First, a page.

Britain plunges into recession

The UK will tip into recession in the third quarter. The Bank of England made the announcement on Thursday when it announced a 0.50 percentage point increase in its key interest rate, a significant increase but less than expected by some analysts, while she said the UK economy will contract by 0.1% between . July and September. It will be a second consecutive decline in economic activity which meets the definition of a technical recession.

Record inflation among the G7 countries

The policy rate thus rose to 2.25%, a first since 1995. Aim: To bring down UK inflation, which peaks in October at almost 11%, against the 13% forecast so far. At 9.9% over the year in August, a record among G7 countries, inflation is weighing on the UK economy and threatening to plunge the country into recession by 2023, according to the latest forecasts from the BoE.

Aid package worth over £100 billion

New finance minister Kwasi Kwarteng is due on Friday to draw up a plan to help households and businesses, which is expected to include an energy price cap and is expected to cost more than £100 billion. While this will mechanically lead to a fall in prices and hence inflation, the measure could push households to consume more and therefore increase it in the longer term, prompting the BoE to be firmer. The central bank therefore risks acting against the tide of the current government, while reproaches are piling up against the monetary institute, criticized in particular by Liz Truss and by Kwasi Kwarteng for not having prevented inflation from flaring up to its highest level in 40 years.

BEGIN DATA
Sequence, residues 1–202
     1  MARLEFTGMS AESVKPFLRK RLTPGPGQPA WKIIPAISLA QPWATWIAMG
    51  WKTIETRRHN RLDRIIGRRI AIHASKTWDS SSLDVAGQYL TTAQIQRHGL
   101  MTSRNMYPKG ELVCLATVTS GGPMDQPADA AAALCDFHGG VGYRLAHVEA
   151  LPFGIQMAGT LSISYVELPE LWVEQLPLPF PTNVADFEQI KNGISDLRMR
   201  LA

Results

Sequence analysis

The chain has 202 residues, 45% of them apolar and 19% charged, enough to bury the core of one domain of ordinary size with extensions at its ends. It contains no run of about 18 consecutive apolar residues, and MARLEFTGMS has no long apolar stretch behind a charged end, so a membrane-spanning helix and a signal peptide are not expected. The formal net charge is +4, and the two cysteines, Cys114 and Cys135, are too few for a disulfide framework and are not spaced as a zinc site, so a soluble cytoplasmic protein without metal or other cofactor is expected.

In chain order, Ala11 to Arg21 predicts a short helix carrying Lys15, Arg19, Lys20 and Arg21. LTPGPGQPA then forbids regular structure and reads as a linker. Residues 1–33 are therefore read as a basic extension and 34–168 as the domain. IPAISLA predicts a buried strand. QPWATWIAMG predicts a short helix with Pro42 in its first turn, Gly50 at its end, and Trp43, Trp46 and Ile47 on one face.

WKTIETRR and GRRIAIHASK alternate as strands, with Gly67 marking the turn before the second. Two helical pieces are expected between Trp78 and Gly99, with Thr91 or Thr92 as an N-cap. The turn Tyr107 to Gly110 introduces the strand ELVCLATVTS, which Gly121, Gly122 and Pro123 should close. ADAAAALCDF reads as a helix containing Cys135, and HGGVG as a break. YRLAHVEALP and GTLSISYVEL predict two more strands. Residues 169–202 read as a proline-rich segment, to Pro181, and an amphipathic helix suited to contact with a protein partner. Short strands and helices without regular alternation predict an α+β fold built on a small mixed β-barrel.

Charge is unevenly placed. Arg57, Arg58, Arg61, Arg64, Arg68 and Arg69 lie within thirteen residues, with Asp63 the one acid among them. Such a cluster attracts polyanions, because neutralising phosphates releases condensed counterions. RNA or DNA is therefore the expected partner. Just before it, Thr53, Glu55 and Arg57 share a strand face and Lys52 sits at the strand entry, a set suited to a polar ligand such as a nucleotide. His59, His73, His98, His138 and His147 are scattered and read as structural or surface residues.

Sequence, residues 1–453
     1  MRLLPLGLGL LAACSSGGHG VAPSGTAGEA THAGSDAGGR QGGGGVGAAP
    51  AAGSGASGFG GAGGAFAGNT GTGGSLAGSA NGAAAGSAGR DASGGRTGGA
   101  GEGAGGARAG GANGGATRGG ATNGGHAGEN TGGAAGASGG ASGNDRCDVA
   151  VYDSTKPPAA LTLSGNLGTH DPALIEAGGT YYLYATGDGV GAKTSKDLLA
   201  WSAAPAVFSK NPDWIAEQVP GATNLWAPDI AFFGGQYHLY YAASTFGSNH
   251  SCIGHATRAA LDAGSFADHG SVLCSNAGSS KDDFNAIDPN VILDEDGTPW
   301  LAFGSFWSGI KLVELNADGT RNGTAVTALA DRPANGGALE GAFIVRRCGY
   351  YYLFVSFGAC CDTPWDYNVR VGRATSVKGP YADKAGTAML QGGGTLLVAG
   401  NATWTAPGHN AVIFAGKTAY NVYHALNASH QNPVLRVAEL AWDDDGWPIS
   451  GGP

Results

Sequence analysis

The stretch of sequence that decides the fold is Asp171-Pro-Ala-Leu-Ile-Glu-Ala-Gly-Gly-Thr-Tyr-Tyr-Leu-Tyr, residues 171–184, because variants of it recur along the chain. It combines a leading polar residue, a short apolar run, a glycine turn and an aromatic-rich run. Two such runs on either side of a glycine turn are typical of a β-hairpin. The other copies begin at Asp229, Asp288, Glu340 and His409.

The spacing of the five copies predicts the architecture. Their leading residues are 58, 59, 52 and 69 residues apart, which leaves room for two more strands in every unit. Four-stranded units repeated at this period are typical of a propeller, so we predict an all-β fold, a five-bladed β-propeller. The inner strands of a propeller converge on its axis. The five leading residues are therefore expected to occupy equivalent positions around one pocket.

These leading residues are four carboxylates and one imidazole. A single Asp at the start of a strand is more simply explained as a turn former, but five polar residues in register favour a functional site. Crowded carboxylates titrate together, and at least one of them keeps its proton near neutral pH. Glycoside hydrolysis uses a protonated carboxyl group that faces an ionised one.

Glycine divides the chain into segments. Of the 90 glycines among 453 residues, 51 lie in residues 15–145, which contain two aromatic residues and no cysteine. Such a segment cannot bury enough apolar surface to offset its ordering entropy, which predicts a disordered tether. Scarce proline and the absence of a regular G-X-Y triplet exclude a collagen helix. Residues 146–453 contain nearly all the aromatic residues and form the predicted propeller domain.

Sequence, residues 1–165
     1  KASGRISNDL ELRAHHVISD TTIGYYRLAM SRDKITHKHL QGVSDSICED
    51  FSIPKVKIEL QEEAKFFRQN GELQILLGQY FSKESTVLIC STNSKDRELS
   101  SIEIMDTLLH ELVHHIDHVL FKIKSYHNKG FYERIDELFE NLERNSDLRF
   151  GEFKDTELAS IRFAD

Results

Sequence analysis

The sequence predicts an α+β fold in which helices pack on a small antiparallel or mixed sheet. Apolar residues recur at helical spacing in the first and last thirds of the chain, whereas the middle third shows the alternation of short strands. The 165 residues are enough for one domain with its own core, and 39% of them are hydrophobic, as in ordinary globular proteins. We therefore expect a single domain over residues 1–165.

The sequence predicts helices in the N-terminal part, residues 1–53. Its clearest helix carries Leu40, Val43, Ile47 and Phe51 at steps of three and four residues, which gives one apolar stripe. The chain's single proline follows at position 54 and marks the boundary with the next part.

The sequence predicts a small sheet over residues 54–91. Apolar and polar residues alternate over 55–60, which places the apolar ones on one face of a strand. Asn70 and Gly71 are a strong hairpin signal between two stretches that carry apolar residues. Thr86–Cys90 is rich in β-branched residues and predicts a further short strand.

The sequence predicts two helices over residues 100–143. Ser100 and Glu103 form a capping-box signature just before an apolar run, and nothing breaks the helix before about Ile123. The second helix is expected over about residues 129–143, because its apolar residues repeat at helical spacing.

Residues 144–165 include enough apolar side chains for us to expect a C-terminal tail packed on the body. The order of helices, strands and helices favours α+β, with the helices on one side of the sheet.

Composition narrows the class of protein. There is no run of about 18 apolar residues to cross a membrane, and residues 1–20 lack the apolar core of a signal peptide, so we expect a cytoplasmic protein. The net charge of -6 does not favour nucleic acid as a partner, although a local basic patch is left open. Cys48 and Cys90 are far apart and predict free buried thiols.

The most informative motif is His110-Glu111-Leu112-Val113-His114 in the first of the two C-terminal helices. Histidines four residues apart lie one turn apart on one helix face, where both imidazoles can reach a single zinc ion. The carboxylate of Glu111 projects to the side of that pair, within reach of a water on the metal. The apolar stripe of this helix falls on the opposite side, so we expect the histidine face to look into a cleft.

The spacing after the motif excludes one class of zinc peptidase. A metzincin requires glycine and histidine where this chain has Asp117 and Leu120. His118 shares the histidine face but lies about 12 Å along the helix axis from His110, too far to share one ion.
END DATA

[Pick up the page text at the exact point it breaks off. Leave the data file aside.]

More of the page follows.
Bank of England criticized

During her campaign to succeed Boris Johnson, Liz Truss suggested reviewing the status of the Bank of England, whose independence dates back to 1997. She believed that the BoE should have acted more quickly, even though interest rate rises started at the end of 2021 in the UK before Fed’s and ECB’s.

Central Bank governor Andrew Bailey defended himself in early September, saying the inflation was mainly due to Britain being “heavily exposed” to rising gas prices due to its reliance on this energy source, whose supply has been hampered by the war in Ukraine and curtailment of Russian export.

From now on, the government can, on the contrary, blame the central bank for interest rate increases, which make borrowing more expensive for the British, but also for the state.